Tuesday, July 1, 2014

Sweet Corn Pesto Crostini

New Yorkers are not known for their humility. Least of all when it comes to pride in their city. Folks around here are known for believing this city is the Center of the Universe. When I first moved here at eighteen, it took a while for my midwestern sensibilities to adjust to such hubris.

Ohio doesn't exactly boast that same kind of unstoppable, insurmountable pride. And Cleveland certainly doesn't. While Clevelanders are fiercly loyal to their city, and will defend it's honor to their dying breath, they do not, typically, consider it the greatest place on earth, or the end-all-be-all of American cities. When a Clevelander tells you where they are from, it's with a note of caution. They're wondering if you're going to mention LeBron's departure, the sad state of the economy, the terrible luck of the Cleveland Browns, or perhaps the dreaded "Didn't your river catch fire?" 

But there is plenty to be proud of in Ohio. There is the lovely, endless-seeming lake, a river valley of wonderful parkland, beautiful rolling Appalachian foothills, dense swaths of lush forest, ancient caves complete with waterfalls, and wide open farmlands full of waving corn stalks. And then there is the corn itself. I've said it before, and I will say it at least 100 times more, the best corn in the world comes from Ohio.

When you tell this to someone from just about anywhere else in the country, they will inevitably try and tell you they have had excellent corn from Indiana, or Iowa, or even Georgia. But they are wrong. The best, sweetest, plumpest corn comes from Ohio. I know this to be true as surely as I know I am left handed. (My apologies to GA, IA, IN, and any other offended states. I'm sure you're the best at something. It's just not corn.)

Roasted corn on the cob is a staple of summer parties, backyard cook-outs, and bbqs throughout the midwest, in fact we have a type of party devoted to devouring the good stuff, called corn roasts. Since I can't exactly build a fire or a coal pit here in Manhattan, stove-top roasted corn has to suffice for my summertime cravings. 

The corn around here comes from New Jersey, and I will say that it's pretty darn good. New Jersey, despite being the most densely populated state in the country, grows some pretty tasty produce. It'll never be Ohio sweetcorn, but it's tasty all the same. And paired with goat cheese, basil, and garlic scapes it was phenomenal.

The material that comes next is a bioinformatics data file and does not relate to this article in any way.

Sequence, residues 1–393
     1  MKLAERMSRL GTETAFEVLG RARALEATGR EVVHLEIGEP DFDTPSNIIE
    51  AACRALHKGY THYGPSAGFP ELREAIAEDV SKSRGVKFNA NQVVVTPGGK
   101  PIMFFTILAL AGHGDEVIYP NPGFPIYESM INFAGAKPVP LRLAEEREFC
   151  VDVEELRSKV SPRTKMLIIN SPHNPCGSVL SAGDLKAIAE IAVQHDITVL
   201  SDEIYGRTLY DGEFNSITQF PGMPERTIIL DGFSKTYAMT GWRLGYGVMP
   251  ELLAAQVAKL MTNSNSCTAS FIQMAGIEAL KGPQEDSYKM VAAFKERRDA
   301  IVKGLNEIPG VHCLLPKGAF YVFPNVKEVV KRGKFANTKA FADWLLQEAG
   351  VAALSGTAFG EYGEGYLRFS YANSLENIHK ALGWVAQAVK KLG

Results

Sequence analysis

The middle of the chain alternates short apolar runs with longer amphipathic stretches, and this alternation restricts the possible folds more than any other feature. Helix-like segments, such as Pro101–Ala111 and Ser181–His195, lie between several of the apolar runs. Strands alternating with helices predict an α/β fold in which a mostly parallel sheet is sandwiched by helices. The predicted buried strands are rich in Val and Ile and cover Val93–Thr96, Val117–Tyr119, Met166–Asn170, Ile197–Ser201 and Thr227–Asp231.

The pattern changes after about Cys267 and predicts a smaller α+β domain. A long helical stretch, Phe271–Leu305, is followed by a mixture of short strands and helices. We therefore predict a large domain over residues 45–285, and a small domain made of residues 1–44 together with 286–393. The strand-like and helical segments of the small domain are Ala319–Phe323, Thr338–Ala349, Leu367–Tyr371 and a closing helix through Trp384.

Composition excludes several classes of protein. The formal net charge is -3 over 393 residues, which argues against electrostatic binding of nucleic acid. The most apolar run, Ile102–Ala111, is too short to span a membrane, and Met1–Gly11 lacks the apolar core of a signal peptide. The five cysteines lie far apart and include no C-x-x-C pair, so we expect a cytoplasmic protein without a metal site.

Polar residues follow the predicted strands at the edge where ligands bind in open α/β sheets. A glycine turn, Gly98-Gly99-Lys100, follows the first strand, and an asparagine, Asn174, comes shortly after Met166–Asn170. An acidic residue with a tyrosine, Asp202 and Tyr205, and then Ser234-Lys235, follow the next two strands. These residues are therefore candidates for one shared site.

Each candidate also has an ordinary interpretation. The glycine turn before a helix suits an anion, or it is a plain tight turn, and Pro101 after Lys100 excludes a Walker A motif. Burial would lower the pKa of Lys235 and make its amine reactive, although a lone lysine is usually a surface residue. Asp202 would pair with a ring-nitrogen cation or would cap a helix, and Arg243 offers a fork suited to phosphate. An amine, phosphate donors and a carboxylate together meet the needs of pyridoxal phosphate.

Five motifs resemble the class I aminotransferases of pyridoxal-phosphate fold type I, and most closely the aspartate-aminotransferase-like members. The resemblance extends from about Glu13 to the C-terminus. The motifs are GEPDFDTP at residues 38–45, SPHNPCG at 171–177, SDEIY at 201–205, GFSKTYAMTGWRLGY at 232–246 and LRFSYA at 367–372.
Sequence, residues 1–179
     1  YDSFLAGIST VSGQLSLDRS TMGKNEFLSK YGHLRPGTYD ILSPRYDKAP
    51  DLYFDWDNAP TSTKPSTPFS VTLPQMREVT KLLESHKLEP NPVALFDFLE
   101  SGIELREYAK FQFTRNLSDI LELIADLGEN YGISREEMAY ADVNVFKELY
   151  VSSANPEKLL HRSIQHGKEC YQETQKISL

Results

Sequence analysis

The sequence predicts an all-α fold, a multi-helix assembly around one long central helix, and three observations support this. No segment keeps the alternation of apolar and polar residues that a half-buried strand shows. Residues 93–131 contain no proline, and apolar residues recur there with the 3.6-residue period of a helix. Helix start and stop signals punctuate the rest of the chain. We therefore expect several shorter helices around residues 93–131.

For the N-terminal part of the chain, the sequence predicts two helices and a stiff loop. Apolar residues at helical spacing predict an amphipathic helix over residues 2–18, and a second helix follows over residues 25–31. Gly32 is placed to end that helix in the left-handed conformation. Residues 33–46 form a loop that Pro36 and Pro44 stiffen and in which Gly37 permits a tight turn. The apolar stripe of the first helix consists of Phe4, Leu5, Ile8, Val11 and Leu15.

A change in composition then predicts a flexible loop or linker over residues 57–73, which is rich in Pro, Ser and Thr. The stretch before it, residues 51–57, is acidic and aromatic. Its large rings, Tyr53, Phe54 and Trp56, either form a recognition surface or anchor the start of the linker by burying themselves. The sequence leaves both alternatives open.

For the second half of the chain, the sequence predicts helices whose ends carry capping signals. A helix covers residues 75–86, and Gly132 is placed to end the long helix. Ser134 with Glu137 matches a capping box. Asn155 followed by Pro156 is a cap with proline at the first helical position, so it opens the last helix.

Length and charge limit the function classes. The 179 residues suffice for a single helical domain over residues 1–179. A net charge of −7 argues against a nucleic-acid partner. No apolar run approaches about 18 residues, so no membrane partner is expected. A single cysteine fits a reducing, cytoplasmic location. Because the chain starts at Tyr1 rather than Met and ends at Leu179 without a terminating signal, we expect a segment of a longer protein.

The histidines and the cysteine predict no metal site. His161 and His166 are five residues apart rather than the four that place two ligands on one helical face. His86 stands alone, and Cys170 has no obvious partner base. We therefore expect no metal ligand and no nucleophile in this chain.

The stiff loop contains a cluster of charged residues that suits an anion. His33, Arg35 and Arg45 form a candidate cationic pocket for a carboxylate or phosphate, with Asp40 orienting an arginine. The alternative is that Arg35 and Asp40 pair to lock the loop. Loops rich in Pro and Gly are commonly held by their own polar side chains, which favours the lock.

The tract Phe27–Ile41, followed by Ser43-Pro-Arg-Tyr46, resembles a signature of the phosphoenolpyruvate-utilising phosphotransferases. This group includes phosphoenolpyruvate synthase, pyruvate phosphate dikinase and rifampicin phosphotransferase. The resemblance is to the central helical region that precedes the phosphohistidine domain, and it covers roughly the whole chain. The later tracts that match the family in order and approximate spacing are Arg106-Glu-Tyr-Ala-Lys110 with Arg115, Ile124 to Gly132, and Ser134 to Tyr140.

The sweetness of the corn on these crostinis mingles wonderfully with the herby pesto and tangy goat cheese to create a great, crispy, creamy, herby, roasted appetizer. These would be a great addition to a backyard barbecue, or a garden cocktail party, and they would certainly make you the star of your next potluck. Enjoy!

Sweet Corn Pesto Crostini

2 oz basil
2 oz garlic scapes (or 1 clove garlic)
2 oz almonds
1/2 oz (about 1/2 cup not-packed-down) shredded hard cheese
1/2 C + 1 tsp olive oil
2 Lemons
5.5 oz chevre (thats the soft goat cheese, frequently log shaped)
3 ears corn
Salt and pepper
1 Large baguette

Preheat oven to 450 degrees fahrenheit, and slice baguette into 1/2" slices. Place directly on oven rack, or on oven safe cooling rack in oven, for 3-5 minutes, until toasted. Check often to keep from burning. Remove and allow to cool.

Chop the long, grassy, thin part of your scapes off, then chop into 2-3" long segments, place scapes, basil, hard cheese, almonds, and 1/2 C olive oil in food processor, and add the juice of 1 lemon, and a dash of salt and pepper. Blitz until mixture becomes a thick, pasty pesto, about 3 minutes. 
Add the goat cheese, and process again until thoroughly combined. Mixture should be relatively smooth, but some bits of basil or almond are acceptable. Set aside.

If you have a gas range, you can roast your corn directly on it. If you have a electric range use these instructions
For a gas range, shuck corn and place directly on the range, adjust heat so the flames lightly lick the corn ear, then turn often, until all sides of the corn have blackened a bit. Don't worry about making it even, just make sure to expose all areas to the flame for a bit. 
Remove kernels from the corn ear. To do this, I place a small, round tupperware, like the type one gets a small order of to-go soup in, upside-down at the bottom of a large bowl, stand the corn ear on top of it vertically, wider end down, then use a large, sharp knife to carefully cut straight down, removing the kernels from the cob. The tupperware makes a nice stand so the cob is elevated above the bowl, making cutting much easier. Remove tupperware from bowl after kernels are removed, and add 1 tsp olive oil, and the juice of 1/2 a lemon to the corn kernels, as well as a dash of salt and pepper, toss to combine.

Smear a spoonful of pesto goat cheese onto each crostini slice and spread out, then top with a little pile of corn. You can lightly press the corn into the goat cheese to help it stick, if desired. If not serving within an hour or so, I recommend waiting until just before serving to assemble. Otherwise, you can store assembled crostinis, covered, in the fridge. But if you store them in the fridge too long the toast will soften a bit. Enjoy!

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